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Acme expansion project because of the environmental similarity of circumstance except for the difference in scale between the retailer and Acme. Entering the Asian market, Carrefour faced intense competition from local retailers, government regulations that limited available business opportunities, and an entry strategy that relied on an alliance with access to extensive distribution networks (Chinomona and Sibanda 2013). Carrefour leveraged their existing economies of scale and brand recognition against these challenges to create a profitable business venture. Carrefours glocal strategy pertained to the idea of approaching each market differently, understanding and responding to local needs, which include the needs of final and intermediate customers, competitors and the macro environment (Chinomona and Sibanda, 2013, p. 52). Determining need for international management Acme is facing a limited need for international management to oversee operations in the Australia facility. When the need for managers with international competencies is limited in scope or volume, the position is best filled by personnel who have expressed an interest in intercultural management and can be trained in the necessary technical skills (Harvey, Novicevic, and Speier, 2000). Corporations with global operations embedded into their organizational processes and overall strategy have a greater need for managers with intercultural experience and competencies (Harvey et al.). Companies with a predominantly domestic focus to their operations have a small domestic focus that is suited to ethnocentric human resource management practices (Harvey et al.). Filling management positions with personnel that are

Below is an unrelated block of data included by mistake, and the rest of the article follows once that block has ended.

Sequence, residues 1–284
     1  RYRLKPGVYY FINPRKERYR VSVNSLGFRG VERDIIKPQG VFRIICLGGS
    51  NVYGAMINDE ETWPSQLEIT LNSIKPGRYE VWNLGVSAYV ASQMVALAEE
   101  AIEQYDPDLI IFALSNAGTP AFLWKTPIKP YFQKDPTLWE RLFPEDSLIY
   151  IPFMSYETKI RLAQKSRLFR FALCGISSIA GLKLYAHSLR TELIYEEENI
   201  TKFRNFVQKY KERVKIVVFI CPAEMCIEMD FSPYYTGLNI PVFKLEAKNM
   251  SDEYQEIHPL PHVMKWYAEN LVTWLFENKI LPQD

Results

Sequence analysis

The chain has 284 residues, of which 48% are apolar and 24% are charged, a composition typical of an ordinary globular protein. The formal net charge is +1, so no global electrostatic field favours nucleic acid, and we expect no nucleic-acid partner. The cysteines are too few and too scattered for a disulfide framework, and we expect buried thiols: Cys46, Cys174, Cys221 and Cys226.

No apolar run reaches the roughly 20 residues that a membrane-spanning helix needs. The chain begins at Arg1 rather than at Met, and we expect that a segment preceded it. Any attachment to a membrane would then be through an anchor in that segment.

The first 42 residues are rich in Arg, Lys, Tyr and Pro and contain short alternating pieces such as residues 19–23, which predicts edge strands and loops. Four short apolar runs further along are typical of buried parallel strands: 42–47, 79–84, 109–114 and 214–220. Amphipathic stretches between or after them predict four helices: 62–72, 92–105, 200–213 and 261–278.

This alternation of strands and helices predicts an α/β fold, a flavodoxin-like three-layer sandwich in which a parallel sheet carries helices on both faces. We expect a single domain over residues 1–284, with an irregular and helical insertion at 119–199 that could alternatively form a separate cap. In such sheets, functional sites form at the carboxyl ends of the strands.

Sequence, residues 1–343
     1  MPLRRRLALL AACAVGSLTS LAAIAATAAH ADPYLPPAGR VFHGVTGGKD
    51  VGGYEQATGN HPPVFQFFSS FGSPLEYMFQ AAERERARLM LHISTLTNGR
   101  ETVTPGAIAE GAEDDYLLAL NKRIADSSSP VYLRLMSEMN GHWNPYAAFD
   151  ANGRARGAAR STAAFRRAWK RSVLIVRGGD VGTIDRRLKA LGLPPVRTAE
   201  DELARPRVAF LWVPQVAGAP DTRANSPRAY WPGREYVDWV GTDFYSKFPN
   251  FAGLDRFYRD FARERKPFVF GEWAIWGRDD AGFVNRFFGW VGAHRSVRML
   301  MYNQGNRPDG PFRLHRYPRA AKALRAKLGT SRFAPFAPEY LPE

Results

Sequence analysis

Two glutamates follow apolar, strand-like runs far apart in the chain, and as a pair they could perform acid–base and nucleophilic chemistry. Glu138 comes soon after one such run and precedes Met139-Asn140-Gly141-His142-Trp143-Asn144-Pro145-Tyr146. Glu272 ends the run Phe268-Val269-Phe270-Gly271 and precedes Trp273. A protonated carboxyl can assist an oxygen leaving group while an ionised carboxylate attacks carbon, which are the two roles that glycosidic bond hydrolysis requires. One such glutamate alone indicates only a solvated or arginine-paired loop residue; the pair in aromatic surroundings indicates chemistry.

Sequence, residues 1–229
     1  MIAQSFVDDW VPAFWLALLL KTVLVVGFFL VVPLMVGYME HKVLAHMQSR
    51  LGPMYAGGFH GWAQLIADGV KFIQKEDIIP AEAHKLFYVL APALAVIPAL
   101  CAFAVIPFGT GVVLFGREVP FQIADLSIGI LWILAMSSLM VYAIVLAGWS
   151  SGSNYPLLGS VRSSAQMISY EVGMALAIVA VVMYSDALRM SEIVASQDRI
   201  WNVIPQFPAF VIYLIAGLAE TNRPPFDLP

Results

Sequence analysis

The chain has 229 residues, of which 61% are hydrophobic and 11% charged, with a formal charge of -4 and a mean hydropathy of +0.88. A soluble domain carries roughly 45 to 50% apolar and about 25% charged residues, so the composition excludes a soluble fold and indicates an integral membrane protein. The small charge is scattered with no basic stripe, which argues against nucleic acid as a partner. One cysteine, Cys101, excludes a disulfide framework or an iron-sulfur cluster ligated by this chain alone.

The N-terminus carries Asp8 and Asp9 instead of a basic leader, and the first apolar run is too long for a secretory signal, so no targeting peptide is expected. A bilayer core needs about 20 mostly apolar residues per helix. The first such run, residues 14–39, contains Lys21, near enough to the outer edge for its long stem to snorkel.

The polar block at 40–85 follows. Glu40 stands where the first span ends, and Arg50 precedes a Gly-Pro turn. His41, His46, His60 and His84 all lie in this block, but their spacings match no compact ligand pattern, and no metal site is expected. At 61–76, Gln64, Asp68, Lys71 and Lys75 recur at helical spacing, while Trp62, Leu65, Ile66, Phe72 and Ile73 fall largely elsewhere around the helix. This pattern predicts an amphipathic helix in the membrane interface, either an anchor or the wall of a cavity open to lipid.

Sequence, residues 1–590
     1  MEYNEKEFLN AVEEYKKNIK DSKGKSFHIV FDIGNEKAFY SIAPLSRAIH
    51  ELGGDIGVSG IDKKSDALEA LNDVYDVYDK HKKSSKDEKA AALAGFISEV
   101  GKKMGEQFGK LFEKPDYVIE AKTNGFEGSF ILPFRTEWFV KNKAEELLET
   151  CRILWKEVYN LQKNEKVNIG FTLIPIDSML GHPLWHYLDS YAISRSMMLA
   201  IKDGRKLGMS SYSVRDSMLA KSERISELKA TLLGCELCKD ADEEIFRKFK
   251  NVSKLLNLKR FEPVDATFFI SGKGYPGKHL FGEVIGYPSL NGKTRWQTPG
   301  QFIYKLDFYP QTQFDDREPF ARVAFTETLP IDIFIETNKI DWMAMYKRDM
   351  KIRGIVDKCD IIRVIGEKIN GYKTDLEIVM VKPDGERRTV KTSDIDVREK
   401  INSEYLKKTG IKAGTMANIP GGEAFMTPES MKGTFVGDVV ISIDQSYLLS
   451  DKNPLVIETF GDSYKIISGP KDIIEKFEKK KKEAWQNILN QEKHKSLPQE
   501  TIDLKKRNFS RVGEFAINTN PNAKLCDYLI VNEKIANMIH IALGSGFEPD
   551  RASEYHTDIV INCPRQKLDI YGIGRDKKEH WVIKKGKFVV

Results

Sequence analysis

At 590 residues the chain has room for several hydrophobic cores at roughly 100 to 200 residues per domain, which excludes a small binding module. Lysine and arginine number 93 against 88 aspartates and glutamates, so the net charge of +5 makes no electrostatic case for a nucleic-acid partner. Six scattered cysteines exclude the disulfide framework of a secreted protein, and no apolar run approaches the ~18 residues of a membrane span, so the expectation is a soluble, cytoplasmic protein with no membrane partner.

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actively engaged with host-country culture will provide country-specific contextual adaptations along the necessary business paradigms (Harvey et al.). Management selection process Potential managers will be specifically evaluated with a variety of techniques designed to test suitability for international management. Assessment prediction techniques have been shown to be reliable as indicators of future success in international management when correctly applied (Moses, 1973). The assessment process can be intensive and expensive, and limits the candidate pool due to the logistical problems of applying the screening; a screening process is most suited to small companies drawing from a limited pool of potential managers with a highly specialized degree of required knowledge (Moses). Early application studies suggest that a limited screening process provides a significant indicator of the effectiveness of further training procedures pertaining to selection of international management (Moses). Companies that use tests to determine the suitability for conducting business abroad are undecided on the specific qualities that make up the key indicators for the test, but once key indicators are chosen, candidates who score high do well with their international assignments (Multinational, 1971). Some parameters for the testing include the candidates personality, intelligence, aptitude, interest, and ach ievements (Multinational). Companies that have used testing in the past give the results varying degrees of weight in determining candidate suitability, and sometimes do not follow up with scientific validation of the results (Multinational). Selection criteria for international management Acme intends to use standardized testing procedures to evaluate suitability of candidates for international management positions. We will test the ability of candidates to adapt to foreign cultural norms, the technical ability and knowledge of the candidates, and the familiarity of the

FINAL PROJECT candidates with the policies and procedures of the company. Only candidates that show an intense interest in operating as international managers will be considered for the position. The